Hosting Inviting Introduction Guest Relations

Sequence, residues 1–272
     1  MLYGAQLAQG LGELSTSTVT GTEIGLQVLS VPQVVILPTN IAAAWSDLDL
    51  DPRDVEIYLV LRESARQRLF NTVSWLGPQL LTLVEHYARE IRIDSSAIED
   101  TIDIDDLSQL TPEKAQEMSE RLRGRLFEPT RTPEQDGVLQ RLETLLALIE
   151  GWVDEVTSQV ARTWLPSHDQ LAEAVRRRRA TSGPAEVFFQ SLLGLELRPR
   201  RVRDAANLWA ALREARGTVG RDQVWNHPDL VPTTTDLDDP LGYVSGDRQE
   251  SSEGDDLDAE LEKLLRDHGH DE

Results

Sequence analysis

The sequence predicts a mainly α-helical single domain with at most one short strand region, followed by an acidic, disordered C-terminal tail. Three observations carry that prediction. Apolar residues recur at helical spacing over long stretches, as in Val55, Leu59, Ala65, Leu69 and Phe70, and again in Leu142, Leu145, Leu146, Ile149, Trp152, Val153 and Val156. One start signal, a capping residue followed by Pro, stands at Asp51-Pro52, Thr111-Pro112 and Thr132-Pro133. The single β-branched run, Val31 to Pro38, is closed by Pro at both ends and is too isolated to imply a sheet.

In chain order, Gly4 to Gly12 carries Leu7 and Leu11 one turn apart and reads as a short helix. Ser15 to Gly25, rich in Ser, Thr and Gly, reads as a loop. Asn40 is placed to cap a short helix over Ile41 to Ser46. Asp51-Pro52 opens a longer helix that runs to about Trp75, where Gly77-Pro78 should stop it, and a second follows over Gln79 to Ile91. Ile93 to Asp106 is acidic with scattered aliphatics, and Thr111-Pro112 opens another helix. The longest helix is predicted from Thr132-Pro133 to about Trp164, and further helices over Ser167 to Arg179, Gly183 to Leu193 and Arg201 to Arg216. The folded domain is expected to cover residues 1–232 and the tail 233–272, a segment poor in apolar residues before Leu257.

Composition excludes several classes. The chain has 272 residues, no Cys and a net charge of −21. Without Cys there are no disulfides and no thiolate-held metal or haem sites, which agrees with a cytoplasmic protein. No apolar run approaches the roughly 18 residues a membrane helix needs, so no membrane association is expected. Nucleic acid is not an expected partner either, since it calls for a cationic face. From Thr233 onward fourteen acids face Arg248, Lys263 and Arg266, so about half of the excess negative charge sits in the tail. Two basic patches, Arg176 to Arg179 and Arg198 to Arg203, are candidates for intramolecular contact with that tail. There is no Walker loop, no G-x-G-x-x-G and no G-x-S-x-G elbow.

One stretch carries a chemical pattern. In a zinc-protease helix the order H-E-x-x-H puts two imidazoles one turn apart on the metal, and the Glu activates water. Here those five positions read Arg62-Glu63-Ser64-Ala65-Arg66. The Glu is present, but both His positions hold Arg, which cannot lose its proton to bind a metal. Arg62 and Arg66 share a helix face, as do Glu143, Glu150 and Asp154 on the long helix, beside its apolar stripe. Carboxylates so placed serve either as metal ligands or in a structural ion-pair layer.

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<ul><li>1.Hosting , Inviting, Introduction 1 &amp; Guest Relations Hosting , Inviting , Introduction and Guest Relations September 23, 2006 </li></ul><p>2. Ajay Kr. Dhamija(N-1) Anand A. Deshmukh (N-6) Deepak Gupta(N-16) Nitin Kumar(N-31) Nitin Sharma (N-33) Tripti Sonkar(N-55) Vijay kumar(N-57)2 Hosting , Inviting , Introduction and Guest Relations September 23, 2006 3. Introduction Putting on the bigeventRequesting people tothe eventIntroducing the guestsEntertaining the guestsNetworking and Communications with guestsTo forge business relationships and ultimately profits.3 Hosting , Inviting , Introduction and Guest Relations September 23, 2006 4. AgendaBusiness Event with purposePlanning and BudgetingType of Occasions and VenueGuest ListsInvitationsAttireGreeting the GuestFabulous FoodGuest introductionOffice PartiesGuest EtiquettesSummary4 Hosting , Inviting , Introduction and Guest Relations September 23, 2006 5. Putting on the big eventBusiness events An intimate soiree for 10 at your home A workplace reception to showcase your new office space A golf and tennis weekend tournament A black-tie gala at an elegant hotel 5 Hosting , Inviting , Introduction and Guest Relations September 23, 2006 6. Need to host a business eventMarketing a new productor service Enhance the companysimage Increased contacts ,goodwill , additional sales To introduce your clientsto the new vice presidentOr, to celebrate the success of your business Relationships -&gt; Business-&gt; Profits6 Hosting , Inviting , Introduction and Guest Relations September 23, 2006 7. Establish the purpose Focus determinesthe theme the appropriate venue guest list budget 7Hosting , Inviting , Introduction and Guest Relations September 23, 2006 8. Creating the right packageEvent can be as simple as a pitch-in or ascomplicated as a formal dinner forcorporate titans Your test as a gracious host is whetheryou plan in advance and whether you candeal with unexpected disasters Planning is the key to success Rehearse8 Hosting , Inviting , Introduction and Guest Relations September 23, 2006 9. Setting up the budget Decide how much you can afford to spendHave a feel for the scope of the eventReview your budget Determine essential areas that cannot be compromisedScale your event to a size that is financially manageable while enabling you to fulfill your business objectives 9Hosting , Inviting , Introduction and Guest Relations September 23, 2006 10. The CostsYour budget will vary according to the kind of event, its locale and the venue you choose.Rs 700 to Rs 1000 per personfor home dinner parties Rs 500 to Rs 700 per personfor Office parties and cocktailparties given at home. Hotels can vary in cost andoffer several options tailoredto suit any budget. The disparity in the cost of hosting a business event at a hotel is as great as the distance between Montana and Manhattan The costs will vary tremendously by state, city and venue10Hosting , Inviting , Introduction and Guest RelationsSeptember 23, 2006 11. Budget - TipsInterview several suppliers to get a range of bids and to compare servicesAsk for written proposals which spell out all items and services that will be included in the vendor's fee Make certain all suppliers are clear on the concept of your event before you sign a contract for their services. The contract should define all services in writing and should be clearly understood by both you and the supplier.11 Hosting , Inviting , Introduction and Guest Relations September 23, 2006 12. You can't afford not to do it rightYour budget should also include miscellaneous expensesPostage, security, sales tax,tips, liability insurance andcontingency funds for possibleovertime expenses. If you don't have time to plan an event, try a party planner, special events or public relations firm Dont forget to hire professional photographer for those memorable and candid shots Prepare an event checklist12Hosting , Inviting , Introduction and Guest Relations September 23, 2006 13. Choosing the right venueChoosing the appropriate location is key. Venue for event will dictate the type of occasion it will be. The House Party The Hotel Suites The Office Party Entertaining Outdoors The Corporate Event13Hosting , Inviting , Introduction and Guest Relations September 23, 2006 14. The House PartyA cocktail party, buffet or sit- down dinner. Transforming clients and business associates into friends and business partners.Inexpensive For as little as Rs 4000 for a four-course meal for six, including drinks and dessert An alternative catering by a local gourmet restaurant. Hiring a caterer, waiters, bartender and maid is the best option : you spend your time with clients. 14 Hosting , Inviting , Introduction and Guest Relations September 23, 2006 15. The Hotel suitesAlthough less personal, entertaining at a hotel requires less work for the host to prepare.A hotel account executive or in-house meeting planner is assigned to ensure that the event runs smoothly. 15 Hosting , Inviting , Introduction and Guest Relations September 23, 2006 16. The Hotel suites - Tipslocation of hotel .The event locations within hotel.Arrange for an open bar andbartenderConfirming each guest16 Hosting , Inviting , Introduction and Guest Relations September 23, 2006 17. More formal than The Office entertainingathome or in a hotel. PartyGives clients andprospects a look at the inner workings of your operation. sales opportunity in the office.Company brochuresand other informativemarketing materialscan be placed atstrategic nerve centers. 17Hosting , Inviting , Introduction and Guest RelationsSeptember 23, 2006 18. The Office Party - TipsNo "theme" be adoptedDecorationsLight hors d'oeuvresNo finger foods .Leverage the event for business opportunities .18Hosting , Inviting , Introduction and Guest Relations September 23, 2006 19. A Day in the Sun Full-service resort complex replete with swimming pools, health club and other amenities.A more personal and gives informal dimension of the company and themselves to clients.19Hosting , Inviting , Introduction and Guest Relations September 23, 2006 20. Entertaining Outdoors - TipsMake a site inspection of alllocations you are consideringone year in advance. Look at the site's outdoorfacilitiesMunicipal permits requiredfor event to be held in a publicplace20Hosting , Inviting , Introduction and Guest Relations September 23, 2006 21. Entertaining Outdoors - TipsTwo months beforesending out invitations,make another siteinspection to ensure thatthe facilities are up to par. Choose a weekday to hostyour outdoor event. A rain date should be notedon the invitation in caseinclement weather forcescancellation.21Hosting , Inviting , Introduction and Guest Relations September 23, 2006 22. The Corporate EventThe major objectives To make the public aware of a company's existence, a product or service To enhance its image or extend goodwill in the community. A corporate theme or supporting anissue : - recreational, educational. Product exposure and corporatevisibility are key 22 Hosting , Inviting , Introduction and Guest Relations September 23, 2006 23. Corporate Events Tips Inviting the right people.- Developing the guest list and pairing guests For a major affair invite all those who have contributed to your success.- Do not have competitors sitting at the same table when formalizing theseating assignments.23 Hosting , Inviting , Introduction and Guest Relations September 23, 2006 24. Further detailsKnow Something about your guests' interests,hobbies, family life or education before the eventIt helps facilitate conversation and gives yourguests a feeling of importance.24 Hosting , Inviting , Introduction and Guest Relations September 23, 2006 25. Inviting GuestsGuest ListIt gets tricky when somepeople will be invited, but noteveryone.Try to make clear categoriesSales ForceClientsYour Floor PeopleA ready and justifiableexplanation for includingsome people while excludingothers. 25 Hosting , Inviting , Introduction and Guest Relations September 23, 2006 26. You are invited to It is essential that you send invitations.Invitation should be visually attractive Graphic design Take the help of professionalIt is crucial to stay on top of your replies. This helps to keep an accurate count for menu planning , size of your venue etc. In general, count on half the number of people you have invited to actually attend.26Hosting , Inviting , Introduction and Guest Relations September 23, 2006 27. Issuing invitationsThe way you word your invitations sets the tone for the affair .Invitations to casual events can be creative and unusualThose to formal affairs should follow protocol. If there is a theme to the party, include it in the invitation. 27 Hosting , Inviting , Introduction and Guest Relations September 23, 2006 28. Invitations basics Invitation basics: who, what, where, why, when, and RSVP How to let your host know whether or not you will attend. RSVP means respond either way, yes or no.Regrets only means the guest should contact thehost only if not attending For informal gathering of business associates, you can issue your invitations orally, either in person or by telephone But make sure that you're clear about the date and time of the affair. 28 Hosting , Inviting , Introduction and Guest Relations September 23, 2006 29. An illustration "We'd love to have you join us for an informal brunch with a few others from work at our house a week from Sunday. We plan to get together at 11 a.m., have brunch, and watch a holiday movie " This invitation contains a lot of information that your guests will appreciate. Your guests know how they need to dress and that others have been invited to the brunch. They know that the meal will consist of more than chips and dip, and they know that you expect them to leave by 3 p.m. 29 Hosting , Inviting , Introduction and Guest Relations September 23, 2006 30. Written invitations If you are composing awritten invitation, makesure that it has all therelevant information. For written invitations tobusiness events, usetitles on the envelope:Mr., Mrs., Ms., or Dr. Send Invitations well inadvance. A months leadtime is crucial tosuccess.30 Hosting , Inviting , Introduction and Guest Relations September 23, 2006 31. Considering significant others and children Always mention exactly whom you'reinviting when you issue invitations. For a married couple, mention both names. For a single adult whom you expect to bring a date, call the person and tell them they can bring a guest if they'd like. For couples who live together, both names go on the same line of the envelope. Roommate names are listed on separate lines.31Hosting , Inviting , Introduction and Guest Relations September 23, 2006 32. Considering significant others andchildren Some people take their children everywhere specifically mention on the invitation, children are not invited Be very specific in the way you address your invitation Make the envelope read Ms. Dorothy Kwan-Smith and Mr.Edward Smith rather than The Smiths.For business functions, Romeo, if Juliet isn't invited she isn't invited! Meet her under the balcony after the function. 32 Hosting , Inviting , Introduction and Guest Relations September 23, 2006 33. Guest attire A written invitation should specify how you expect your guests to dress. If you want to see the gentlemen in tuxedos, writeBlack Tie For suits and cocktail dresses, use the phrase Semi-Formal For a reception after work at which you expect suitsfor all, use the phrase Business Dress For slacks, sport coats, skirts or pants, use BusinessCasual For jeans, write Casual33 Hosting , Inviting , Introduction and Guest Relations September 23, 2006 34. Fabulous Food Represents the very essence of a party's success Always sample the food before going to contract -- its taste and presentation Best rule to follow the party cuisine is to "keep it simple!" Choose a caterer who is versatile and has more than one style of cooking. A caterer should have built-in capabilities to serve food and make arrangements for china, glasses, flatware, tables and chairs. 34Hosting , Inviting , Introduction and Guest Relations September 23, 2006 35. Variety , beauty &amp; abundance Appearances are key : Stay away from plastic and paper ware unless it is an informal picnic. A variety of foods for vegetarian palates and the dietary restrictions of your guests. Visually appealing and abundant. When serving buffet-style, food can double as edible decorations. 35Hosting , Inviting , Introduction and Guest Relations September 23, 2006 36. The uninvited guest Perhaps a relative showed up from out of town and it seemed rude for your guest to leave her at home alone. Perhaps your cubicle mate shows up with his brand new girlfriend. Just ignore your guest's breech of etiquette and warmly welcome any uninvited guest as if you were hoping for just such a visit. Begin making introductions immediately. Rearrange the seating with a shoehorn. SMILE! After all, it's the holiday season.36Hosting , Inviting , Introduction and Guest Relations September 23, 2006 37. Entertaining the Boss Not all bosses are ultracasual, and for those who aren't, be prepared. Some bombproof boss tips Refrain from inviting your boss to your house until you've been invited to his or hers. Invite other people with similar interests Know your limits as an entertainer! Unless your boss's children are also included, introduce your charming pajama-clad tykes and send them on their way Wait to call your boss and your boss's companion by their first names until you've been asked to do so.37Hosting , Inviting , Introduction and Guest Relations September 23, 2006 38. Greeting your guestsAs your first guests arrive, greet them at the door.Use their names, shake hands, look them in the eye, and tell them you're glad they could join you. As the party progresses, you may have an associate or your spouse greet people.Make sure that you're close by and that the person welcoming your guests knows where you are.Introduce newcomers all around the room until the number of guests gets too large. 38 Hosting , Inviting , Introduction and Guest Relations September 23, 2006 39. Greeting your guests When that happens, introduce newcomers to the people closest at hand. Keep an eye out for shy guests who plaster themselves to the wall. Engage them in conversation and introduce them tosomeone who can draw them out. Always have both alcoholic and nonalcoholic beverages, including water. Keep cocktail napkins close at hand or offer them with the drink.39 Hosting , Inviting , Introduction and Guest Relations September 23, 2006 40. Greeting your guests Cocktails should be served for no more than an hour Appetizers and snacks should be provided while serving alcoholic beverages. Remember to serve the most senior guests first. 40 Hosting , Inviting , Introduction and Guest Relations September 23, 2006 41. Gifts etiquettes Accept the gift they brought graciou...</p>